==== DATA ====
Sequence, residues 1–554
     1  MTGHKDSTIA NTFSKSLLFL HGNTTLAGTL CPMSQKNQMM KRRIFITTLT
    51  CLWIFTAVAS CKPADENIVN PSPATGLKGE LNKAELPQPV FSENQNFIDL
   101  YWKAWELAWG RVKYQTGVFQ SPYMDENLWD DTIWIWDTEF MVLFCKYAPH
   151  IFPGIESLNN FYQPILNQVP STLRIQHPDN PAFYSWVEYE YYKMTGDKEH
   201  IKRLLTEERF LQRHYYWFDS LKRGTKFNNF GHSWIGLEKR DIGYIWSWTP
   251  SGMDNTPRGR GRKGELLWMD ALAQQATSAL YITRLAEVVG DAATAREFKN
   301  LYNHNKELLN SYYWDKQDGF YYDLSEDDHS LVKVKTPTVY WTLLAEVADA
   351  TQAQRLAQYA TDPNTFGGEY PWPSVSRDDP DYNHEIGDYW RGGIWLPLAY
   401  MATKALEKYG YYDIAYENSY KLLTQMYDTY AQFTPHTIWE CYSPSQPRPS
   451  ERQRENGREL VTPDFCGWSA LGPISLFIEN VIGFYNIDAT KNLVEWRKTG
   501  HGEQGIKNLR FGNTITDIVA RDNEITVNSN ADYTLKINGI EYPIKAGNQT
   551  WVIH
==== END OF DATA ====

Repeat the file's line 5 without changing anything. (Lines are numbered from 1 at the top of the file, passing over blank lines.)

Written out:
   151  IFPGIESLNN FYQPILNQVP STLRIQHPDN PAFYSWVEYE YYKMTGDKEH